ZüpMed Treatment Recommendations for COVID-19
Our recommendations are based on published data and clinical experience. Please always consult your healthcare professional with any questions or feel free to set up a consultation with us.
So, you’ve been diagnosed with SARS-CoV-2 coronavirus infection, aka COVID-19. You may feel terrible, or you may have no clinical symptoms whatsoever. No matter what you’ve heard, we’ll be the first to tell you: it’s the most unusual and unpredictable disease any of us has ever dealt with.
No two bouts of COVID are alike, and we typically instruct our patients to treat COVID infection symptomatically. The number one predictor for the outcome is vaccination status. If you are vaccinated, you will undoubtedly have a milder illness and a lower risk of severe disease or hospitalization. Most will experience a couple of days of mild flu-like or upper respiratory illness and then feel fine as they recover completely. If you are unvaccinated, older, or have some type of chronic illness, we’ll watch you a little more closely and may get a little more aggressive with treatments. All in all, though, we start with the basics. Our treatment recommendations will differ in varying degrees based on your symptoms.
Here’s what we’ve found to be helpful*:
Supportive Care, available over the counter:
- Fever, aches, and pains: Tylenol 650 or 1000 mg every 6 hours to start. If Tylenol by itself isn’t getting the job done, add Advil (ibuprofen) 400-600 mg and alternate the two drugs every 4-6 hours. Avoid Ibuprofen if you have a history of bleeding ulcers or are taking blood thinners.
- Risk of tiny blood clots: One plain aspirin (Bayer or generic, it doesn’t matter) either 75, 81, or 325 mg, take one per day. Lower doses carry a lower bleeding risk.
- Boost your immune system: High-dose Vitamin C + zinc + echinacea, any way you want. We sell the “EZC-Paks” for about $15 each and use them ourselves. Start as soon as you’ve been diagnosed. But remember, too much of any good thing may not be so good. See our blog on vitamins for prevention/treatment of COVID for specific dosing information https://www.zupmed.com/vitamins-for-covid-prevention-is-there-a-perfect-cocktail/
- Cough: Plenty of fluids. Try warm liquids like hot tea and chicken soup. Cough lozenges. Dayquil, Nyquil, Tussin DM, or anything else OTC that has “DM” (dextromethorphan) will work to suppress cough. Guaifenesin is an expectorant, which can loosen congestion in your chest and throat. Do not exceed dose instructions on the package. Water, however, is the best expectorant!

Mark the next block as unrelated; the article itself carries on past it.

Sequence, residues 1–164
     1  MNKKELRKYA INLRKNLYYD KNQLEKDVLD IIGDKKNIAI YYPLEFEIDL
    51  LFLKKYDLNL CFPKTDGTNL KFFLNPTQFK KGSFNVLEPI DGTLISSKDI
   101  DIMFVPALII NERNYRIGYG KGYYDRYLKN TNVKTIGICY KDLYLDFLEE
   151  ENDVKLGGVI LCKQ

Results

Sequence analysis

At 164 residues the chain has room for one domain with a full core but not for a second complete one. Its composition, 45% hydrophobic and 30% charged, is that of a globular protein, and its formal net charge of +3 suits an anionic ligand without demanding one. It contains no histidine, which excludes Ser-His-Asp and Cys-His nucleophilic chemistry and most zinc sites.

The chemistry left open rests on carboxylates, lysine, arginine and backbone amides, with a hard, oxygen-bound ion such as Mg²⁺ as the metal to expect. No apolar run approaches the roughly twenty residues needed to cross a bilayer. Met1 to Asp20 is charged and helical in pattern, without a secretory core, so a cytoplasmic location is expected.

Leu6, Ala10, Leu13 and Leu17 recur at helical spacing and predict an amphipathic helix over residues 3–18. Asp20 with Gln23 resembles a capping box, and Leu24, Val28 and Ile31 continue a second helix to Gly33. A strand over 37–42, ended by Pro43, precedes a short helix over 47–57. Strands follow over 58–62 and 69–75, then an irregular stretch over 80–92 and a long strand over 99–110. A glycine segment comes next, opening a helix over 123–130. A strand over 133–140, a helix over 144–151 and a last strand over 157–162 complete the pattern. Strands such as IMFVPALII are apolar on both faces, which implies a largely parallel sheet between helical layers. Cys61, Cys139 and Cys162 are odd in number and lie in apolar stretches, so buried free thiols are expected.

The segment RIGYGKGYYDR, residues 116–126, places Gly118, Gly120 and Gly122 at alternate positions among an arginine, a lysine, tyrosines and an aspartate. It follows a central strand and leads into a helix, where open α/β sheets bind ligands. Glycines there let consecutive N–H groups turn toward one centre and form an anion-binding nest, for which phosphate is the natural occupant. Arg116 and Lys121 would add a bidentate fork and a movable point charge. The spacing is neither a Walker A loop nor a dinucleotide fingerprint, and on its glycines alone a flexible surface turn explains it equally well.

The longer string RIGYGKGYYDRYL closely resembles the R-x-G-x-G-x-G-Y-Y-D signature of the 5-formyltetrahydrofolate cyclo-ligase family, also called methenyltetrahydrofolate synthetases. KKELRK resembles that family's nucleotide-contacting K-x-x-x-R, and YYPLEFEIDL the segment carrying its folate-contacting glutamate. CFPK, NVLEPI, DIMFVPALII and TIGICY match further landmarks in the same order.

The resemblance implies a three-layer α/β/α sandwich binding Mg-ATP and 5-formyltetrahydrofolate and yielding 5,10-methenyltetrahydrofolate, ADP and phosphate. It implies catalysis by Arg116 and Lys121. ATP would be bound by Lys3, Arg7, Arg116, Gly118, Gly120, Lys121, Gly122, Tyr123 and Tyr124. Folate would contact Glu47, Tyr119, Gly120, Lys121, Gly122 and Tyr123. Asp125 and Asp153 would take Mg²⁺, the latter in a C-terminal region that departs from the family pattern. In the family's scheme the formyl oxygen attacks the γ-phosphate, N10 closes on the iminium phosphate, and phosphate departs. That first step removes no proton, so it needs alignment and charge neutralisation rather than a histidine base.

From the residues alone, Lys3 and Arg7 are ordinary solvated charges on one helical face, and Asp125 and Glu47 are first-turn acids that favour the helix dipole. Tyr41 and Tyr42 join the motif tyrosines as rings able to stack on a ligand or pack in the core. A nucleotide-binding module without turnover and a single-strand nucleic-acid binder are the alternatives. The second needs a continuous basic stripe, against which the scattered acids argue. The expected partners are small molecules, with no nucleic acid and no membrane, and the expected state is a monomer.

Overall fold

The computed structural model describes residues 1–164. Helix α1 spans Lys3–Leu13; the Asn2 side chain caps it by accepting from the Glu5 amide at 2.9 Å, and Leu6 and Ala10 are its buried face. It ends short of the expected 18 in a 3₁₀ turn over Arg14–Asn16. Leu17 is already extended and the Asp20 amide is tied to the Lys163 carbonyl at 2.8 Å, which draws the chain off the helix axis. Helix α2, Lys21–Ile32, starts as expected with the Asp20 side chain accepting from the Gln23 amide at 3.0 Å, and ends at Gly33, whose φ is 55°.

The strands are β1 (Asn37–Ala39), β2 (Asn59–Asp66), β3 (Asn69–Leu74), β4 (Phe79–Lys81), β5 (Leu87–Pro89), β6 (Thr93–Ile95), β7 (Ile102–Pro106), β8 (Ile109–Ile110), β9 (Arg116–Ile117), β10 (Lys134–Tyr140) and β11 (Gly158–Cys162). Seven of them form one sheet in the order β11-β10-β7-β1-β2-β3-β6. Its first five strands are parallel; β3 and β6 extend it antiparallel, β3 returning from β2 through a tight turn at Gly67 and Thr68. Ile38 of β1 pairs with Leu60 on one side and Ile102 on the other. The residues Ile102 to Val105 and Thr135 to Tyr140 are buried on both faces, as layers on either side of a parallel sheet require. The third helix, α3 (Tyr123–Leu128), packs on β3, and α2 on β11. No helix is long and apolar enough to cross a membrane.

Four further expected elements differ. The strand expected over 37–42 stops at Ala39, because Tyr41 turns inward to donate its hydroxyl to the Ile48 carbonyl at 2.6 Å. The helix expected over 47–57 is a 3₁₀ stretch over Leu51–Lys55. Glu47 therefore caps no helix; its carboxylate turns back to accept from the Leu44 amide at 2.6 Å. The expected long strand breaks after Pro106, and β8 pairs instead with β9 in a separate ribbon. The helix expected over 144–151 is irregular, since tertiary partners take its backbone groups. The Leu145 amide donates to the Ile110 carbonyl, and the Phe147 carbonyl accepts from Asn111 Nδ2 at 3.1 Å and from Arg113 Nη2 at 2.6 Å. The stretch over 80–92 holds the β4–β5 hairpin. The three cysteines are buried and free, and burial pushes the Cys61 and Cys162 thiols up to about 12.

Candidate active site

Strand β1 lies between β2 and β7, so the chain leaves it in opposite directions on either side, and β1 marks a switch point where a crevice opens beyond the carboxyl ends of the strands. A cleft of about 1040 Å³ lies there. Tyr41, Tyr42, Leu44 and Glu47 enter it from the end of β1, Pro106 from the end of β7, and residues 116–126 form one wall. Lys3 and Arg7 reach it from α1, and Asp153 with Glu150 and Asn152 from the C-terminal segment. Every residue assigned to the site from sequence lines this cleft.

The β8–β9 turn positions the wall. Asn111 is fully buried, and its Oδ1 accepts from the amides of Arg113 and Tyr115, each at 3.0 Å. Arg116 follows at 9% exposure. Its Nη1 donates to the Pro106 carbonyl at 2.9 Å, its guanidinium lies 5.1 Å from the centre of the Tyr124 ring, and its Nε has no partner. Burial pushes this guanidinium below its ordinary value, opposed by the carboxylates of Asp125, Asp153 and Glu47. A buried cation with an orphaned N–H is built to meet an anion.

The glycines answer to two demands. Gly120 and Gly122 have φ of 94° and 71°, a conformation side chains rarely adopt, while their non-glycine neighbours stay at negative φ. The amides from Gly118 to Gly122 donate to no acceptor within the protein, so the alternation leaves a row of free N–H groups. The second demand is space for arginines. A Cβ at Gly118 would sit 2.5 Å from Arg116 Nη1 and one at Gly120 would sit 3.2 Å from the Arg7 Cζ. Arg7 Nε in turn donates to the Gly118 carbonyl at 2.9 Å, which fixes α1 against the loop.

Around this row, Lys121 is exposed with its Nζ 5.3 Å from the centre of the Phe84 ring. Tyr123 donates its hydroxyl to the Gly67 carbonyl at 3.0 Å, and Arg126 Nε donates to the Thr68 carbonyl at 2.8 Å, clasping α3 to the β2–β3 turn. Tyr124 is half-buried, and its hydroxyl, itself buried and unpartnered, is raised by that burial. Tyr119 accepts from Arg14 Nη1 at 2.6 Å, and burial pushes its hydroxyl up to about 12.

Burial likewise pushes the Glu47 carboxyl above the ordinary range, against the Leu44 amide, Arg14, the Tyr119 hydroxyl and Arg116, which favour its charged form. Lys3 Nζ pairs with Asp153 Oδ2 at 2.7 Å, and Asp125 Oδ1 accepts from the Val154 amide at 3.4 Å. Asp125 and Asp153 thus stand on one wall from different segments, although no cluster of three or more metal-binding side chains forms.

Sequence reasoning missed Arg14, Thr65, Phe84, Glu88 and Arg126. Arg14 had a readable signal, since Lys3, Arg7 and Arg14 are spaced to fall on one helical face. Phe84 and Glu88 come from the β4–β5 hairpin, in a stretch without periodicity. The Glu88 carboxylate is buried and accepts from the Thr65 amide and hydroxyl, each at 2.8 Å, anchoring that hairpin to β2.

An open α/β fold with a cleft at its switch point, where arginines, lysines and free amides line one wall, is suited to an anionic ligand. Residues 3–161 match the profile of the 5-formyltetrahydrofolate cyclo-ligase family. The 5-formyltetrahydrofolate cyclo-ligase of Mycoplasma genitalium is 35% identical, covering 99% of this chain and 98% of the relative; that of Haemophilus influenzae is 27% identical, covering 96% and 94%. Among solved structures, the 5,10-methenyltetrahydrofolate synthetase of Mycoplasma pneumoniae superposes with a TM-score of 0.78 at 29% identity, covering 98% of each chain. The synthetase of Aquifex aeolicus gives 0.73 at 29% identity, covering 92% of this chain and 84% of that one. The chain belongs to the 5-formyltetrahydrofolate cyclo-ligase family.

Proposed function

- Rest: When your body says “Sleep!”, do it! Fatigue is a big part of COVID, and your body needs rest to build up the energy to fight it. Plus, the echinacea in our EZC paks works to give you an energy boost.
For concerning symptoms not responding to over the counter products, we can add the following, only available by prescription:
- Anti-virus medicines: Antiviral medication such as Paxlovid is available for those with symptoms at the highest at risk for hospitalization and death from COVID-19. It should be prescribed within 5 days of symptom onset and must be given with caution as it has several drug-drug interactions. This COVID pill has very limited distribution by the manufacturer at this time and we can’t guarantee that your pharmacy will carry the drug.
- Monocolonal infusions: We are strong supporters of monoclonal antibodies (MAbs). The problem is that the MAbs that worked for the Delta variant is largely ineffective against Omicron. Only one of the formulations has been found to have any effect, and that one hasn’t been available in this area. You can check for current information through Methodist at 901 516-2255 or read https://www.mdmemphis.org/guidance-for-monoclonal-antibody-treatment-for-covid-19/ .
- Azithromycin (Z-pak) isn’t supposed to work against viruses, but it appears to have some anti-inflammatory effect on COVID-19. We can call in a prescription, or dispense it here at ZüpMed.
- Cough that keeps you up at night: We’ll call in a prescription for stronger than OTC cough remedies. Use as directed.
- Chest discomfort: We found that inhaled steroids help a lot. You’ll need a nebulizer (about $40), and a prescription for the medicine itself. Important: Let us show you how and where to use the nebulizer to limit exposure to anyone else.
- Please do NOT use ivermectin or other remedies from the internet without consulting one of our healthcare providers. Ivermectin has shown no benefit in clinical trials and can have potentially dangerous side effects.
Watch for difficulty breathing. Get one of the portable pulse-oximeters (about $30) and monitor your oxygen. If you see the number dropping below 95%, call us. If you truly have difficulty breathing, call 911 or go straight to the Emergency Room.
If you have diabetes, you’ll need to monitor your blood sugar more frequently. Illness can cause blood sugar to go up or to go down, so you just have to be more careful with your medications. For the first couple of days, checking 4 or 5 times a day is probably smart.
Remember: Any COVID test with us includes expert COVID consultation. If you’ve taken a home test and need help, call us at 901-701-7010 to schedule an acute care visit with one of our providers. We’re here to provide COVID care you can trust!
(*Our recommendations are based on published data and clinical experience.)